The rise of virtual worlds like Second Life and World of Warcraft has led to innovative new ways to train corporate leaders. In a virtual world, people are represented by avatars and can practice their skills in a variety of settings with other professionals. This is a cost-effective way to train a large amount of people in various situations. In short, this is business training of the future.
While many video game aficionados were always told that their hobbies were pointless, even the youngest players are gaining leadership training without realizing it. John Seely Brown and Douglas Thomas of Wired magazine write:
When role-playing gamers team up to undertake a quest, they often need to attempt particularly difficult challenges repeatedly until they find a blend of skills, talents, and actions that allows them to succeed. This process brings about a profound shift in how they perceive and react to the world around them.
They become more flexible in their thinking and more sensitive to social cues. The fact that they don't think of gameplay as training is crucial. Once the experience is explicitly educational, it becomes about developing compartmentalized skills and loses its power to permeate the player's behavior patterns and worldview.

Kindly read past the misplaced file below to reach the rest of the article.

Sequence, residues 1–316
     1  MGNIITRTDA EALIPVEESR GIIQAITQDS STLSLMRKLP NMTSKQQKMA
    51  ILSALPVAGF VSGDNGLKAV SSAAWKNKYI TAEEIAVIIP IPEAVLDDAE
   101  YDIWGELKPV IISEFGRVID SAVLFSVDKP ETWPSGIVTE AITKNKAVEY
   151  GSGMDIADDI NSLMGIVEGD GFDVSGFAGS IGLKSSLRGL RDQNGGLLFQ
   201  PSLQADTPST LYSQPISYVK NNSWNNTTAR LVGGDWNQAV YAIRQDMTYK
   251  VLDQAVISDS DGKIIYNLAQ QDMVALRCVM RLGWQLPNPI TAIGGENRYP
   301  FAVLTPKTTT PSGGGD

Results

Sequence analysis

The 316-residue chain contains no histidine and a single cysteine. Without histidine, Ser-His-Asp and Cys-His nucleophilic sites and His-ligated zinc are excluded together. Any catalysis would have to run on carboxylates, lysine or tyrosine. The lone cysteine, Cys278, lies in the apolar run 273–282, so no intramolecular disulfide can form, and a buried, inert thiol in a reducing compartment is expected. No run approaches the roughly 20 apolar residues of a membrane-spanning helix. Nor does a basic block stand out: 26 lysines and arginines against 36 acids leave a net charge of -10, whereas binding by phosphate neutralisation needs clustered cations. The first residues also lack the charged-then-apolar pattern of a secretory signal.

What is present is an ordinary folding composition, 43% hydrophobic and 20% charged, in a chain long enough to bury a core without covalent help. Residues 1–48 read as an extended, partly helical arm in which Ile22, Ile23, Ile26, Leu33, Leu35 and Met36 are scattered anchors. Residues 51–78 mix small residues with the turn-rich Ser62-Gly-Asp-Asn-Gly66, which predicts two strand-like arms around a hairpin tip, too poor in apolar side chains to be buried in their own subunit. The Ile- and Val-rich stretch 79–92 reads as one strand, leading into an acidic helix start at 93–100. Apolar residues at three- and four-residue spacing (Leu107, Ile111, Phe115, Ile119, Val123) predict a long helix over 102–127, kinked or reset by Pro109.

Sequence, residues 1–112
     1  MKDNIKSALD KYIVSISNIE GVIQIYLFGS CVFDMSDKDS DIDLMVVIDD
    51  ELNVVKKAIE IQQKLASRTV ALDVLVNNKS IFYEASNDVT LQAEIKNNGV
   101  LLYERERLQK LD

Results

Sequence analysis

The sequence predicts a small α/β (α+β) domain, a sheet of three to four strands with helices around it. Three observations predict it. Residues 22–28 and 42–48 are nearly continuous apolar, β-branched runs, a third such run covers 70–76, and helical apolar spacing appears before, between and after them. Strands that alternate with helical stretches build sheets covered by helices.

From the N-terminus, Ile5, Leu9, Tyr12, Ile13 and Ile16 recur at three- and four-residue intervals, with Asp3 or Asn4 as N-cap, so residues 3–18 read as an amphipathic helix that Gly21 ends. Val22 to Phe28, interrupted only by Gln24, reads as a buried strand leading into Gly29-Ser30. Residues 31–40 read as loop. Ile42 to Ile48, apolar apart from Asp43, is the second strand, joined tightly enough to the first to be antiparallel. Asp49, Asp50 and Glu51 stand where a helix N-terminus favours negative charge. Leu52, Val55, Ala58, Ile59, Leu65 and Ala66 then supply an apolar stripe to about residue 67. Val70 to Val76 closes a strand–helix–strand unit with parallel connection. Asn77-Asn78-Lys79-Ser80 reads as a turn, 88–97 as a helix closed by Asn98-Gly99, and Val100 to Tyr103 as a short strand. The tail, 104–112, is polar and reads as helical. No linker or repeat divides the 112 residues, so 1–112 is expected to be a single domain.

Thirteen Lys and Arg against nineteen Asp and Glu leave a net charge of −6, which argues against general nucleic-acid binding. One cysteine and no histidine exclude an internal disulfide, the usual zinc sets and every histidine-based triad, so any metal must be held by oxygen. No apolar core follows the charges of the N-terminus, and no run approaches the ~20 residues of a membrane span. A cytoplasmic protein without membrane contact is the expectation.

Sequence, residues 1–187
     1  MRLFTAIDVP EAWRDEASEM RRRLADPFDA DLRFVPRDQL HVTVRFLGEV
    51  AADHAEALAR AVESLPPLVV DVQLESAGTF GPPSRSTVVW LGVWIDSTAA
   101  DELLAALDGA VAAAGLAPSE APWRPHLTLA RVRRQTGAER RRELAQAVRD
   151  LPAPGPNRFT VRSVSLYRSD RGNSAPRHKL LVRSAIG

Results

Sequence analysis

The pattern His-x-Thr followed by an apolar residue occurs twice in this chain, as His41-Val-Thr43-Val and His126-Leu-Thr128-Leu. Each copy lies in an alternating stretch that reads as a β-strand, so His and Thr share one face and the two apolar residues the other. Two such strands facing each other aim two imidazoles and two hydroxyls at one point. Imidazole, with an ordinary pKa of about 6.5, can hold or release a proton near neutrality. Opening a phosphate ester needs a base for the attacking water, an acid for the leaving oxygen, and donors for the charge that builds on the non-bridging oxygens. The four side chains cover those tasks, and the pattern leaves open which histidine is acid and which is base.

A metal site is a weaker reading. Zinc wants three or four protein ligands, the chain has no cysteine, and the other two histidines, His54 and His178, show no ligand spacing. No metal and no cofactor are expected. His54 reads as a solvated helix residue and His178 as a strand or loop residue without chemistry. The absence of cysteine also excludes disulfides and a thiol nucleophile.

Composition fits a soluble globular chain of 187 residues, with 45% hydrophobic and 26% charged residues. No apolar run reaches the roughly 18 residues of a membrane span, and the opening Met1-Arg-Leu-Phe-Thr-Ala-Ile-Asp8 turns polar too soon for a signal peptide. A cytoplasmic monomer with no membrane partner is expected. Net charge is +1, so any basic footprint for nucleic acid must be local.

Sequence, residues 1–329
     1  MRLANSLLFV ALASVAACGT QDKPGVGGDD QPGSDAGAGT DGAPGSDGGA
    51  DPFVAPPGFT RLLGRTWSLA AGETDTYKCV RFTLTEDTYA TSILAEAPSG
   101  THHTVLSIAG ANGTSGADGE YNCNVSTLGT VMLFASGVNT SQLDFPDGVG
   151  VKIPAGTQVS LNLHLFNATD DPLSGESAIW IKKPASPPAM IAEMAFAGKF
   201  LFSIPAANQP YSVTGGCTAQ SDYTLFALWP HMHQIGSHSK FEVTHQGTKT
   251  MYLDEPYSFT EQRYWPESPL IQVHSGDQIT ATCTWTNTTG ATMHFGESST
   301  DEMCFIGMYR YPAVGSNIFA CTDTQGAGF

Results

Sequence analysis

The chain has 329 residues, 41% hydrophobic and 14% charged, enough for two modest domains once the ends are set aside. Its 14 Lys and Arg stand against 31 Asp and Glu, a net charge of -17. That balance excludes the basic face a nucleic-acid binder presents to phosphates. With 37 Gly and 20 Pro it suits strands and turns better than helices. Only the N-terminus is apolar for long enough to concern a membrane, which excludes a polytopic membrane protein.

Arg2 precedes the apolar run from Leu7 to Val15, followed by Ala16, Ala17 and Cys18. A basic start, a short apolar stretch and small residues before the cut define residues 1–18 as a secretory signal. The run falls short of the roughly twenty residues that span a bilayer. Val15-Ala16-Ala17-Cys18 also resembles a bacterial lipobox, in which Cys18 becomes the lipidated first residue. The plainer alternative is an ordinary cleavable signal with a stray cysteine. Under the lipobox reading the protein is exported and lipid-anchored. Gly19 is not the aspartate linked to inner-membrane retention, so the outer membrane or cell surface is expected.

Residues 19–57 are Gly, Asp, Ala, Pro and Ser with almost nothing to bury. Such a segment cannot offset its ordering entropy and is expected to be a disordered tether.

It isn't just the "accidental" training that companies are interested in, however. The aforementioned Second Life serves as a training ground and collaboration tool for many different industries. The Coalition Connection, for example, is a University of Maryland project that provides virtual training for a group of emergency responders.
Is this new age in leadership training free of problems? Certainly not, as there are cultural and technical obstacles people must overcome. Not everyone is Web-savvy and trained in PC gaming, after all. However, more companies are relating virtual world training to their bottom line. It is extremely cost effective to undergo this sort of widespread training, especially when remote workers must be brought together.
Elastic Collision is one of many consulting firms that helps businesses to develop their own virtual world presence. As the company states, corporate training sessions can "leverage the educational potential of virtual worlds." Will every company adopt this new technology? Perhaps not, but the most innovative companies already have.
Susan Jacobs is a freelance writer as well as a regular contributor for CollegeDegree.com, a site helping students select an online college degree. Susan invites your questions, comments and freelancing job inquiries at her email address email@example.com.